“We’ll focus on getting one up and running in each state and giving them exclusive rights in that state,” Seefried said.

Marijuana business owners will have to carry their share of the load, Cochran said.

They must provide Safe Harbor Services’ partner banks with reams of information before they are accepted, Cochran said, noting there are roughly 30 forms with 500-600 questions.

Businesses also must provide documentation that includes financial records, proof of license, insurance and leases.

Why now?

Seefried said the timing was right to launch such an expansion because of the framework Partner Colorado’s Safe Harbor Private Banking program has established since its 2014 inception.

Simply put, the institution knows what works and what doesn’t.

To have tried developing cannabis industry software before accumulating that experience and know-how would have been risky, Seefried said.

“Customizing software is very expensive,” she added. “Now that we’ve been in it for three years, the (Partner Colorado) board and I felt it was a good time to try and optimize our position and start (Safe Harbor Services).”

Next, Seefried hired Cochran, an accountant who has worked at firms like Mayer Hoffman and McCann and also served as a consultant specializing in company launches and turnarounds.

Once Cochran was on board, his Safe Harbor Services team worked with software company Integrated Compliance Solutions to essentially automate the compliance processes for financial institutions interested in banking the cannabis industry.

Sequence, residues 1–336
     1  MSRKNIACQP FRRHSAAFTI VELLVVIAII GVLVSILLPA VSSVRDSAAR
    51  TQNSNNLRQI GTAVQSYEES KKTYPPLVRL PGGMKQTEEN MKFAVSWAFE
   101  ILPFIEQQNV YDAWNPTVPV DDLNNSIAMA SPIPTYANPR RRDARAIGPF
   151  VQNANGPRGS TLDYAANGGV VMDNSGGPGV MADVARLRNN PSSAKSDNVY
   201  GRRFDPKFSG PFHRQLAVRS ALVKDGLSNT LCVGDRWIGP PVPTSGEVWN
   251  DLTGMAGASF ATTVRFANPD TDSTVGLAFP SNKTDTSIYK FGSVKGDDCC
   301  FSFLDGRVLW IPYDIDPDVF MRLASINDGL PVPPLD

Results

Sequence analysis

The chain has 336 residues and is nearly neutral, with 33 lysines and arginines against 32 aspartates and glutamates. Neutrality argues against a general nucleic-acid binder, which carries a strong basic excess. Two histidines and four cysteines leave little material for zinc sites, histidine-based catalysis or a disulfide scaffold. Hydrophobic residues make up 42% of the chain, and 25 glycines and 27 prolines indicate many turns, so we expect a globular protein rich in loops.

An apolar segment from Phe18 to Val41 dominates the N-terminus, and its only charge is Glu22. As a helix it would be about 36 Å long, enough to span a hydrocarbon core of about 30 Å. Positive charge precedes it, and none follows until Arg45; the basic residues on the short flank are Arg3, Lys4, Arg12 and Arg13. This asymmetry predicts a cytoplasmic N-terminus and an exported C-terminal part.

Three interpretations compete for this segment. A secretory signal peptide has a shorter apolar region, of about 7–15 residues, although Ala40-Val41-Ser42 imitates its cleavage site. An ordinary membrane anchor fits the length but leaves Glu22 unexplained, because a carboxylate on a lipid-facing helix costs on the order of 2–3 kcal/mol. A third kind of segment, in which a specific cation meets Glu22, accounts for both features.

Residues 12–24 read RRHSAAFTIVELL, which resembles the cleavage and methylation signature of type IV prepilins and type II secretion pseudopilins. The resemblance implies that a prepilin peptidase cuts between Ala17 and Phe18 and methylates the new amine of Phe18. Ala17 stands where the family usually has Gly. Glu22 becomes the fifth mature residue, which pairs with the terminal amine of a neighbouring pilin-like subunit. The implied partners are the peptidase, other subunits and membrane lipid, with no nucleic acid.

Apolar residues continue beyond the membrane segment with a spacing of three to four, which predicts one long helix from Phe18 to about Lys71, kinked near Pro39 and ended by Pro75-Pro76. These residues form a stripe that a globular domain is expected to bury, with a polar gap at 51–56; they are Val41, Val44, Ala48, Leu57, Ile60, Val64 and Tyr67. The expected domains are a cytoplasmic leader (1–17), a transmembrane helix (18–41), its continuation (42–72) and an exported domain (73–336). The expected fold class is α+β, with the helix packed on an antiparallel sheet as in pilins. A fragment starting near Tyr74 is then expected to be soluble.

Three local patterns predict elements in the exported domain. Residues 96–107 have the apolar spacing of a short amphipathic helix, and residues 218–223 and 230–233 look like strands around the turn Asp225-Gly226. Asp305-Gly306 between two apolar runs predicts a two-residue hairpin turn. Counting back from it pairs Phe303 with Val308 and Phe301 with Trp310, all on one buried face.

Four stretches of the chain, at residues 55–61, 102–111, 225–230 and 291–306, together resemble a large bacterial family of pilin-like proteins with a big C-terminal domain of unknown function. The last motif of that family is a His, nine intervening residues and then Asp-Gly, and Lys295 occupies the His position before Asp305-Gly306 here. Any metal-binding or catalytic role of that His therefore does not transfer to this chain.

Cash-free banking

While SHS has been preparing for its rollout, Safe Harbor Private Banking has continued to grow.

This week, Seefried’s original entity announced a pioneering agreement with Hawaii regulators to provide banking services to the state’s eight medical marijuana dispensaries – without the use of cash.

The partnership evolved because Hawaii regulators were looking to prevent crimes many dispensaries face as cash businesses at a time when other financial institutions refused to service the state’s MMJ industry.

Through an arrangement between Safe Harbor Private Banking and Colorado-based CanPay, Hawaii’s MMJ patients will be able to buy cannabis using a cellphone app.

Developed by CanPay CEO Dustin Eide, the app uses a standard bank-to-bank transfer service.

Customers link their checking accounts to their CanPay account, and when they make purchases at participating marijuana businesses, the money transfers from their accounts to the merchants’.

To facilitate its vision, CanPay built a network of financial institutions whose programs are compliant with the Cole Memo and FinCEN guidelines, said Eide, who launched the company last November and quickly contacted Partner Colorado.

CanPay is working with 14 institutions in eight states, Eide said, and has lined up merchants in Colorado, Hawaii, California, Florida, Maine, Oregon and Washington state.

Though the Safe Harbor-CanPay collaboration in Hawaii may be innovative, industry analysts have reservations.

Avis Bulbulyan of Los Angeles-based Siva Consulting believes the model may be limited in scope.

“That concept would be a lot harder to apply in California where there are a lot more people and many of them won’t want to use this (CanPay) system,” he said.

Aaron Smith, executive director of the National Cannabis Industry Association, called it “a dangerous situation.

“No one state should be dependent on one (banking) service provider.”

Omar Sacirbey can be reached at